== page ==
Many of us wait for the “perfect time” to get our health, nutrition, and fitness back on track. But this approach rarely gets us the results we hope for…. More than often it gets us rather nothing at all.
Did you ever feel you were putting off that dream trip, or a new project, or that skill you’ve been meaning to learn? If so, some of these phrases may sound familiar:
I’ll do it ….
- When I get a different job.
- When things are less busy at work
- When I find a workout partner.
- After I finish this project.
- When I feel a bit better.
- When I feel more confident in the gym.
- When I lose a few kilos first
- When I have a bit more time.
- When my fridge is full of the right foods.
- Tomorrow, next week, during my next holiday, after new year…. Never
As human beings we are always “waiting for the perfect time.” But why is that?” For many of us, it’s a great distraction and justification. It helps us avoid the real—and risky—work of doing. For some of us, perfectionism and avoidance serve as strong armor against potential embarrassment, criticism, and failure. The “I could ___ but ___” attitude, keeps us safe from pain.
Sadly this is also what keeps us from growing, thriving, and being who we know we have the potential to be. And that’s why all-or-nothing thinking—If I don’t do this perfectly then it’s worthless—rarely gets us “all.” But it usually gets us “nothing.”
Keep this in mind. There is no perfect time. There never will be.
Oh sure, there might be some magic moment in your fitness journey where the universe comes together… and you’re wearing your favorite B3F t-shirt… plus your extra-comfy Reebok Nano’s… and your favourite song comes on… and your body is full of exuberant, bubbling energy… and you have the entire gym for yourself … and you bang out a set of ten reps like the angels are hoisting the barbell for you.
But I can assure you that that magic moment will be one in countless other less-magic moments that make up your real life.
So lets say that very perfect moment last about 10 seconds, that means that someone who lives 80 years could have around 252’288’000 potential 10 sec moments in his/her lifetime
Which means that a single perfect moment is, well, a very very very small part of the whole thing.
Yes, celebrate that perfect moment when it comes. But sure as heck don’t wait for it. Instead, take your moments and make your moments. And just so you know, nobody is going to give you any moments. You have to take moments and actively hunt them, chase them and make them happen.
What frustrates us, of course, is the fact that we want everything all at once…. And in a time of instant gratification and social media health and fitness marketing that promises us immediate results. (A 6 week plan here, a 12 week programme there, a 12 day weight loss challenge that will change your life… etc etc… ) we always look for the golden pill …. Sadly that golden pill does not exist.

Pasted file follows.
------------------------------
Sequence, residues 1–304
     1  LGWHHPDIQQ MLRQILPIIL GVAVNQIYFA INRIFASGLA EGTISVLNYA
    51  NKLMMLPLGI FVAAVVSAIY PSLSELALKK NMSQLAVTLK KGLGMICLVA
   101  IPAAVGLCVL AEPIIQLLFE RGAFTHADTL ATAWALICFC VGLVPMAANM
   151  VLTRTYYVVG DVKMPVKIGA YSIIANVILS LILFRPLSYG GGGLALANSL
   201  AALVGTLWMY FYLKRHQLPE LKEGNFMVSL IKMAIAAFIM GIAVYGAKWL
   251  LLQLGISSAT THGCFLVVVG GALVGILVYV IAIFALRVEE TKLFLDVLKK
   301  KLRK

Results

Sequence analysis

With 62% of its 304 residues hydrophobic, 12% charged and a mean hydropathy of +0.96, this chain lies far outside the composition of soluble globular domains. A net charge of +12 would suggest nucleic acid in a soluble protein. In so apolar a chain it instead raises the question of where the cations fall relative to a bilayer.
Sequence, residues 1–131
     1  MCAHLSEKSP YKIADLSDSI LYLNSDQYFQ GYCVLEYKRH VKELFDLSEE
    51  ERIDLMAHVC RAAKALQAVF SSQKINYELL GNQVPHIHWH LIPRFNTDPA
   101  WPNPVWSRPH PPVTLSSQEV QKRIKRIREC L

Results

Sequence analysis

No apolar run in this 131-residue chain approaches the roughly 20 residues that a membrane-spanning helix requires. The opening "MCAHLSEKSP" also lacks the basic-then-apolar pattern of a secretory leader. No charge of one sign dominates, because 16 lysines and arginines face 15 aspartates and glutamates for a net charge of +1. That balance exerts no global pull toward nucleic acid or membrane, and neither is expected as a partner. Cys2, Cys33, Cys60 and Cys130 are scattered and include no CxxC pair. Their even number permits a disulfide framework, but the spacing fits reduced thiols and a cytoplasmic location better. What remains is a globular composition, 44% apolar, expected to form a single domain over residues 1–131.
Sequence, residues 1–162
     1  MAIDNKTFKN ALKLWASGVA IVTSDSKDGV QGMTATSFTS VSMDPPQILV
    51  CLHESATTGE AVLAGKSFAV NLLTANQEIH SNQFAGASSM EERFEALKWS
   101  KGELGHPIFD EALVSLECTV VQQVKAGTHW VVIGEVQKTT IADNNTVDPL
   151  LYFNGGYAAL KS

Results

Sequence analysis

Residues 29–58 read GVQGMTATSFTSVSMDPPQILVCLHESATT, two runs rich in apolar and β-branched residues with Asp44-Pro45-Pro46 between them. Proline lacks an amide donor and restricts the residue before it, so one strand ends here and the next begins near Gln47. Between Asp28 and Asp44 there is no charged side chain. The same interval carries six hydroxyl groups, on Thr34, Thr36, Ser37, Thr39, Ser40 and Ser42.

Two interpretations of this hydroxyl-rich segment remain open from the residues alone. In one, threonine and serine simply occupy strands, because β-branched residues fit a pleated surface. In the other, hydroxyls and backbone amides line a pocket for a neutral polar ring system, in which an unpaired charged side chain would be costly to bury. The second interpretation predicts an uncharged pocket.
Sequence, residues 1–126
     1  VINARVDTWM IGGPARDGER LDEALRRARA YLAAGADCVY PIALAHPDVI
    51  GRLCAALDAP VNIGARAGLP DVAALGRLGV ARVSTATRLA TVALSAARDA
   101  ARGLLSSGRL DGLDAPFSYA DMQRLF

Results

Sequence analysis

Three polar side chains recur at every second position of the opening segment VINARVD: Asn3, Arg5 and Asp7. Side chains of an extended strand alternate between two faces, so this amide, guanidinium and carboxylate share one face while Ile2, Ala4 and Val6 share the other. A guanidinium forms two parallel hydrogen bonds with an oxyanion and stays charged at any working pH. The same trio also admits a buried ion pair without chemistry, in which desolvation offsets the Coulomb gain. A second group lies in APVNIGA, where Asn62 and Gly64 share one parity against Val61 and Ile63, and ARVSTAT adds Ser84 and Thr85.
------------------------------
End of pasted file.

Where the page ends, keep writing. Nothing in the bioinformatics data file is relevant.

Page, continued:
You don’t have to wait for something that will drastically change your life… You, yourself have to make the moments and make them happen… instead of thinking that everyone else’s moments just… come to them. Everyone else has enough time. Enough money. Enough motivation. Enough information…. It’s false…. Everyone has an equal amount of time in the day…. Some people however make their health and fitness a priority and for them every moment is a perfect moment. The perfect moment is now.
Because right now is all you ever have, the only thing you have to do is to just start. And when you do, moments will keep coming, as moments do.
One moment will stack on top of another and before you know it, you’ll have arrived at your destination.
“But I can’t!” You say. “I can’t get started! That is the problem, you see!”
No, it’s not. If you can’t get started, you’re just jumping too far ahead.
You’re not starting with starting. You are trying to start somewhere in an imaginary middle.
For instance, let’s say you choose to start with reading about nutrition.
That can be a good start—if it keeps you moving on to the next moment.
But it is not a good start if it keeps you stuck in your chair, clicking through a blur of blogs and charts and plans and testimonials until it’s time for lights-out and you haven’t made a single good nutritional choice today.
So maybe, starting for you shouldn’t be reading.
It should be something else, like walking to the fridge and picking out a shiny fresh apple and eating it.
Or making a shopping list and putting it next to your car keys for tomorrow.
Or reading a menu from the restaurant you’re about to visit, and picking out the salad option in advance.